This is where the knowledge of Hinduism’s four denominations or sectarian traditions is quite helpful. The Tamil Lexicon by the University of Madras defines them as follows: “Saivam: The religion which regards Siva as the Supreme Being and is exclusively devoted to His worship, of sixteen sects. Shaktam: The religion which enjoins the exclusive worship of Shakti as the Supreme Being. Vaishnavam: The religion which holds Vishnu to be the Supreme Being.” The definition for the Smarta or Vaidika Sampradaya is found under Shanmatam: “The six Vedic religious systems: Saivam, Vaishnavam, Shaktam, Ganapatiya, Kaumaram, Sauram.” In other words, Smartas have a choice to worship any one of the six Deities–Siva, Vishnu, Shakti, Ganesha, Subramanya and Surya–as the Supreme Lord, as their Ishta Devata, or preferred Deity.

However, we don’t want to leave the impression that all Hindu denominations hold the Smarta viewpoint that all Gods are “aspects ” of the Supreme Being. In Saivism, for example, God Siva is the Supreme Being and Ganesha and Subramanya are separate Gods who assist Him. These Gods are not symbolic representations, but real spiritual beings, somewhat akin to the archangels of Christianity.

A uniquely confusing situation we find in the West is that Supreme God Vishnu and Supreme God Siva are sometimes equally enshrined side-by-side in the same temple to accommodate various allegiances. This gives the wrongful impression that the practicing Hindu worships more than one Supreme God. This problem does not occur in India, where only one Deity is enshrined as the central God in any temple.

Indeed, we know of US temples which on their website describe Siva as the destroyer and Vishnu as the preserver. Of course, this is not how knowledgeable Saivites or Vaishnavites look at it. To Saivites, Siva is the entire Supreme Being, not merely the dispenser of destruction. To Vaishnavites, Vishnu is the entire Supreme Being, not just the Lord of preservation. That we worship the Supreme Being above all others is clearly the view of Hinduism’s revealed scriptures (shruti), the Vedas and Agamas.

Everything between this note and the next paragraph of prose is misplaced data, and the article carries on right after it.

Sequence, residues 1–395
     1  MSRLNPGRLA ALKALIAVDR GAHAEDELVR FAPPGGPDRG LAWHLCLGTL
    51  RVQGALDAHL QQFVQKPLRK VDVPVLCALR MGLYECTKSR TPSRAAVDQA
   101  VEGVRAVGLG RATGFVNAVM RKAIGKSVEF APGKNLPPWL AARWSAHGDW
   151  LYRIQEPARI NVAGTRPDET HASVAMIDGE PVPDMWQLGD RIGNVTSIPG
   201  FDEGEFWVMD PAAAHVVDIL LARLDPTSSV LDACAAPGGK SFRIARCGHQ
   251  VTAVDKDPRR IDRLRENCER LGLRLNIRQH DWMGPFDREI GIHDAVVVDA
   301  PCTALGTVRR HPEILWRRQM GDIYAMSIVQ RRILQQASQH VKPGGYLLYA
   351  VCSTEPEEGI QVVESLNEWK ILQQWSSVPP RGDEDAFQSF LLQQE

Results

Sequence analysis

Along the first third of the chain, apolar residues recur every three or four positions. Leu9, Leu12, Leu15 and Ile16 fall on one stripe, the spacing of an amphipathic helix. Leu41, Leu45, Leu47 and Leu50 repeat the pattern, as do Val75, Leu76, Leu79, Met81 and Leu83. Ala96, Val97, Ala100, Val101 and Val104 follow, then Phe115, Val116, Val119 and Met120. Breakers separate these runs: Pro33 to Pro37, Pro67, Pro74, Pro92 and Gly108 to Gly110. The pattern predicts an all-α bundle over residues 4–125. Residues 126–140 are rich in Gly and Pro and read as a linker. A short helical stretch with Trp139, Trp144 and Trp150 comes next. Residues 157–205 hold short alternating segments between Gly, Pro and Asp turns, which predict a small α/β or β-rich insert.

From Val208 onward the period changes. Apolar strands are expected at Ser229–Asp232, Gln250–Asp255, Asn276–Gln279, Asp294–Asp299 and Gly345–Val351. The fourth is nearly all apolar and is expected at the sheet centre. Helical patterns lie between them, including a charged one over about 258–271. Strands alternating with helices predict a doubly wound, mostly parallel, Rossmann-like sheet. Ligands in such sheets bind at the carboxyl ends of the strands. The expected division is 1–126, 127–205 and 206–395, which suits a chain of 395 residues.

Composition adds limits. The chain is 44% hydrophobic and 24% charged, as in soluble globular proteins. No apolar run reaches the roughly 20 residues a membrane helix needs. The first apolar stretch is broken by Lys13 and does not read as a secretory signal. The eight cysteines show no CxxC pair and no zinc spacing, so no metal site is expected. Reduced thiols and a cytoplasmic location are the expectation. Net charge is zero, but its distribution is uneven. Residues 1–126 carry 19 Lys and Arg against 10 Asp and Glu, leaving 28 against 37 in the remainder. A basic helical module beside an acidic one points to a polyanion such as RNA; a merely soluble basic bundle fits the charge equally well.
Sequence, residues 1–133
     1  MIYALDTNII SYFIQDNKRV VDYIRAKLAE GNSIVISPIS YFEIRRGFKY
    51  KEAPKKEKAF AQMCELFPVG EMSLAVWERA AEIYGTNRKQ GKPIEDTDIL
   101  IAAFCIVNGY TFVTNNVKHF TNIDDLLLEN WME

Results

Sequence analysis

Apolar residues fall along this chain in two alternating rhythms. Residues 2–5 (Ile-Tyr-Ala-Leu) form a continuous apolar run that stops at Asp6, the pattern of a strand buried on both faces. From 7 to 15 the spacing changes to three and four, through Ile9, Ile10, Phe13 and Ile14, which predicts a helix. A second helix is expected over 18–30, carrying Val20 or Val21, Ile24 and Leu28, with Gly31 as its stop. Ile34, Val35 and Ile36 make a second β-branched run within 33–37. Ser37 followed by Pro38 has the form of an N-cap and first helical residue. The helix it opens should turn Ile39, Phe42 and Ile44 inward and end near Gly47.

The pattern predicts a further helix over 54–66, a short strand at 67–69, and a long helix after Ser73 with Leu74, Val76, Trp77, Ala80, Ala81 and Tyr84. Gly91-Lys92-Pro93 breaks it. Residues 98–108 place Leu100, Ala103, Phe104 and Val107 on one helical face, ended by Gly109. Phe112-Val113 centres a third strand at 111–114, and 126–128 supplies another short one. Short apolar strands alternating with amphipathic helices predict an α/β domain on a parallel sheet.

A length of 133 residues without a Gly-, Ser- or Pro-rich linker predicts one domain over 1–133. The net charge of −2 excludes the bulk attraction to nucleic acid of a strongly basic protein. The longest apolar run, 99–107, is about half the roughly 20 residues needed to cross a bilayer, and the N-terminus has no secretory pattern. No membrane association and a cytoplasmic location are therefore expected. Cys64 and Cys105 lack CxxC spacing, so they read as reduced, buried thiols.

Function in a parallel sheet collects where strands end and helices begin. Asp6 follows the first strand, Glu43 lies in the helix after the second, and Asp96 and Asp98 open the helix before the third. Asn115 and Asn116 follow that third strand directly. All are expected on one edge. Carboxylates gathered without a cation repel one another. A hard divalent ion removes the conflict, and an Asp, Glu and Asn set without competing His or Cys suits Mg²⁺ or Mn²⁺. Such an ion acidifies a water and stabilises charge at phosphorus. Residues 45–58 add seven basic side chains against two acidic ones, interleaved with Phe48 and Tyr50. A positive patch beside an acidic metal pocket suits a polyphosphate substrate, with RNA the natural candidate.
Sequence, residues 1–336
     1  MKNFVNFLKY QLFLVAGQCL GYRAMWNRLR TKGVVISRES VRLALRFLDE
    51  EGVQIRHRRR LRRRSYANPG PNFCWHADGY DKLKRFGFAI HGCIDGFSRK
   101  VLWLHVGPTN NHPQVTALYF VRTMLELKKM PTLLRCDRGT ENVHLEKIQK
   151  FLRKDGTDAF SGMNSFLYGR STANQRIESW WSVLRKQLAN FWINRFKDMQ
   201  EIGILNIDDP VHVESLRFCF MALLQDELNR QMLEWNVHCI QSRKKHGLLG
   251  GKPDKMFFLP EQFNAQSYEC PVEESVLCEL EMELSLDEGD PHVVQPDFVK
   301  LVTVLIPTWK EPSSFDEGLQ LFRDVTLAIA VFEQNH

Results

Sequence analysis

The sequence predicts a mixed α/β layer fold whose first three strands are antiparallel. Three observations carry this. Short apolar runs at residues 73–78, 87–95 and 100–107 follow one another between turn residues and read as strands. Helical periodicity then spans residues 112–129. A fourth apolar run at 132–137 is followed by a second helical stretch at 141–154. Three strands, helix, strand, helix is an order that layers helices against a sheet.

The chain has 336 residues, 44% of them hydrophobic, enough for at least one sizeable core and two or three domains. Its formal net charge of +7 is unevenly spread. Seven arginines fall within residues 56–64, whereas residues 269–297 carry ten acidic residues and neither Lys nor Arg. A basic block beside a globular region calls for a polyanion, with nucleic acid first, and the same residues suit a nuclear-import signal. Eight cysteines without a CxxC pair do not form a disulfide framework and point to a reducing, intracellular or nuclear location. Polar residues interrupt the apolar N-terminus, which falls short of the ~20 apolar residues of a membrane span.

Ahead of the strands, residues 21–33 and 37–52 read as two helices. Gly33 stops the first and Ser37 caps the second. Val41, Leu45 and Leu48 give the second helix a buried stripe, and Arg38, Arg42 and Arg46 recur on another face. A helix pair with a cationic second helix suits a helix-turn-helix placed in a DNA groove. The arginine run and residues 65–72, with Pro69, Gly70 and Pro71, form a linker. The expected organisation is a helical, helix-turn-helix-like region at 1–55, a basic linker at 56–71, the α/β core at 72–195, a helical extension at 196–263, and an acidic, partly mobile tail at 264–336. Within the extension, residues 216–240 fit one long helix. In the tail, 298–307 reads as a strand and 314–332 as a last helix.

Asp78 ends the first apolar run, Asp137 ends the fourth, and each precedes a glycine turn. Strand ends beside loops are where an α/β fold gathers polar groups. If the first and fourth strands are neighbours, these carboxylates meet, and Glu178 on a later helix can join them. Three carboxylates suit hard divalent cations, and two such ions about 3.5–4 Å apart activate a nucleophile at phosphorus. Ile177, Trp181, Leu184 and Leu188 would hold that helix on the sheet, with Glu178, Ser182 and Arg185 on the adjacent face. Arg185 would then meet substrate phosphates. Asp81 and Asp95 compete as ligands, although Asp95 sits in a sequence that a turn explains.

Not all Hindus are familiar with the category of scripture called the Agamas. The Agamas were part of an oral tradition of unknown antiquity which some experts consider as ancient as the earliest Vedas. The Agamas are the primary source and authority for temple construction and ceremonies. Each of the major denominations–Saivism, Vaishnavism and Shaktism–has its unique Agama texts. Smartas recognize the Agamas, but don’t necessarily adhere to them, relying mainly on the smriti texts, such as the Dharma Shastras, Puranas, Mahabharata and Ramayana.

In the Saiva Agamas, for example, Lord Siva is described as the Supreme Being, performing all three divine actions of creation, preservation and destruction. Quite often two additional actions are included: His veiling and revealing graces. The Raurava Agama states, “The birth of the world, its maintenance, its destruction, the soul’s obscuration and liberation are the five acts of His dance.” No wonder Saivites take great exception to the statement that Siva is the God of Destruction, a concept that finds its source in the Puranas.